Saturday, December 31, 2011


The Art Gallery. David Tapps

Bolting on Lead. David Tapps

Andrew's Mangled Finger! David Tapps

Paul on the plane. Jamie Smith

My Aching Feet. Jamie Smith

Focusing. Jamie Smith

The MARE Land Rovers. Jamie Smith

Marijus and the kids. Jamie Smith

The local Kings. Jamie Smith

Andrew on Is My Driving Dangerous. Jamie Smith

Is My Driving Dangerous. Flash. Jamie Smith

Is My Driving Dangerous. Jamie Smith

Yes, it's a Scorpion. Jamie Smith

The Market. Jamie Smith

The Ancient Village of Idandre. Jamie Smith

Welcome to Idanre. Andrew Porter

Lots of Kids. Andrew Porter

After the big yawn... Andrew Porter

Crispy Chicken. FA by Jimbo. Andrew Porter

Crispy chicken. Flash. Andrew Porter

Crispy Chicken. Andrew Porter

Junior climber. Andrew Porter

Burden of Guilt Project. Andrew Porter

On the way to the prize giving. Andrew Porter

The trad venue. Andrew Porter

The Governor at the closing ceremony. Andrew Porter

Relaxing with the skorpio vodka. Andrew Porter
It's been quite a while since I've written anything down. Might be a lack of photos being taken, or it may just have been having nothing to say really. One way or the other I have a log update here from my recent trip to Nigeria.
Welcome to Nigeria…
It was all a bit rushed. I had to change some rand to dollar before leaving to the airport; but after sitting at First National Bank in Hatfield for half an hour only to discover that the normal Forex person was not in the office. This left me wondering what to do. It was already 11 and I needed to be at the airport at 12. Yvette and I decided to try Menlyn and head direct from there to the airport.
Menlyn was quick to tell me I could only do a forex at the airport which concluded that. We made it to the airport by 12 and by the time I check my baggage through it was 13:15. I still hadn’t gotten any dollars so we raced around the terminals looking for a forex counter. Eventually we found one and were able to change some rand.
Now I was really running behind, it was 13:25 and I hadn’t gone through passport control or bought some lunch and flight was supposed to start boarding at 13:15 to depart at 14:15. After a reasonably quick line in passport control I made it to News CafĂ© for a quick sandwich purchase and continued to the gate. No lines make things pretty simple. When I walked on to the plane I was greeted with a big smile by David and then the question: “where is Andrew?” I presumed he’d be on the plane by now; he was well ahead of me in the check in process.  He did find his way on to the plane a few moments later.
The flight was brilliant; in fact, I thought it was a little short. Six hours felt like such a short time. The food was a little less than amazing but the wine made up for it and the company made for riveting discussions. Andrew told me about how they were able to outwit the rangers at Camp 4 and we shared Spitzkoppe stories to compare granite types. We had only seen a few images of where we were going but were very excited nonetheless.
Upon landing in Lagos, we were met by a uniformed officer who swiftly took our passports and asked us to follow him. We were a little unnerved as we watched our passports disappear in front of our own eyes but excited that we had just skipped the entire line into immigration, of which we were at the back. A few minutes later our passports were returned to us and were stamped without us ever having seen an immigration official. It only took a little while to collect our baggage and by this point we were quite garrulous and excited to see where we were going next. Biola found us around this time and we made our way outside to a bus where we were greeting by a police officer holding an AK-47. He was there to escort us.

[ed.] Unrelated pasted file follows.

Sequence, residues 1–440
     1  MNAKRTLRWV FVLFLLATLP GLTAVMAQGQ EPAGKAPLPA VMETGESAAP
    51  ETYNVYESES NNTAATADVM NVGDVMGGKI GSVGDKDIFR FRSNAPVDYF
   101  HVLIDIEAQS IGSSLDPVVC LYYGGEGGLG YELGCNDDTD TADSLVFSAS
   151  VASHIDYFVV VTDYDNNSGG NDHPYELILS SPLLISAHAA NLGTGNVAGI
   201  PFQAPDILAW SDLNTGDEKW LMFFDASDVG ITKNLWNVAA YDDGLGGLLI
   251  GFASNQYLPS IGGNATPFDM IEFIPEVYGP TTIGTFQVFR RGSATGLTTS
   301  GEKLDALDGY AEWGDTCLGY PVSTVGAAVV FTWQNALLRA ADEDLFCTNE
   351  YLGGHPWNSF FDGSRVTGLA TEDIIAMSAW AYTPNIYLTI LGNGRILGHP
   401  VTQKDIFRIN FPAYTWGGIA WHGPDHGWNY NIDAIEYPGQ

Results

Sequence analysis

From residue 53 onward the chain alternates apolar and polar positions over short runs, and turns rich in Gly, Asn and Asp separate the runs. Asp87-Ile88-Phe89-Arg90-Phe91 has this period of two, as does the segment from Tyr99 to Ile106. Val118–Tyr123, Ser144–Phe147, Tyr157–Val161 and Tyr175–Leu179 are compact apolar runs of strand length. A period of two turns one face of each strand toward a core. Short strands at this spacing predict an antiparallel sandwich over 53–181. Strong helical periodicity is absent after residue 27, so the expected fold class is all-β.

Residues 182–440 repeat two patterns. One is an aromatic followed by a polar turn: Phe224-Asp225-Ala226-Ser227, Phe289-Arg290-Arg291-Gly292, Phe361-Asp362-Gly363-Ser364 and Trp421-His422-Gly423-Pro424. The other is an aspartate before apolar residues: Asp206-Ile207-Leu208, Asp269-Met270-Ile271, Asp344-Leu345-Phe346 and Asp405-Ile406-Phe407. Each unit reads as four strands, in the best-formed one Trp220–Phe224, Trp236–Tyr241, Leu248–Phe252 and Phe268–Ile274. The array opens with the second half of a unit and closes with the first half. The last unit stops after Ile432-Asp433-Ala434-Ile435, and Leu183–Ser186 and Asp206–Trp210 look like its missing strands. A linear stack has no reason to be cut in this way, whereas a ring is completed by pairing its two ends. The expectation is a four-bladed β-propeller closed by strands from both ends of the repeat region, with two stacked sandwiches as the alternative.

The air was stifling and thick. The air conditioning in the bus was welcome. After a short drive we arrived at our hotel for the evening, the Ibis. It was beautiful. The reception area was designed very well and we could see the bar and restaurant area in the background. We were pretty hungry by now and were trying to get a hold of Benito to join us for a drink in the bar; but, alas, he was busy at a party and could not join us. We sampled some of the local beer; I seem to like Gulsten whilst Andrew and David liked Star. The food was local cuisine and was incredibly tasty accept for one item that David had on his plate. He tried it and pulled an incredible face. I thought it can’t be that bad. I put my spoon into the viscous liquid and as I raised it I noticed that the texture resembled mucous. Somehow I still managed to put the spoon in my mouth. The taste was awful! But I had tried it and now I know what to stay away from. Later I was I told by David that he couldn’t believe that I examined it and still ate it.
The next morning I woke up in my room and realised that I had no idea what time it was and what the plans for the day were. I looked at my phone and saw that it was 9:15. Having no idea what time zone I was in, I was a bit worried that it was 10:15 or 11:15. In actual fact, it was only 8:15. Andrew found himself in a similar dilemma that morning, having awakened at 6:15 only to realise that it was still dark out and really only 5:15. Early breakfast I guess.
We were on the bus by 9:15 and catching a glimpse of the city of Lagos. It was quite a sight. The buildings are quite old and worn; the traffic is utter chaos yet very functional; the sky is polluted and hazy. The people were incredibly friendly, each one of the venders on the street greeting everyone in the bus. This was the same for the fuel stations, where petrol is R3.25 a litre!! That was the first shock to our systems. The second shock to me came when we pulled out of the station into traffic that I couldn’t imagine navigating. Our driver simply pushed in and people moved. We were in a bus, probably could seat 20 people comfortably.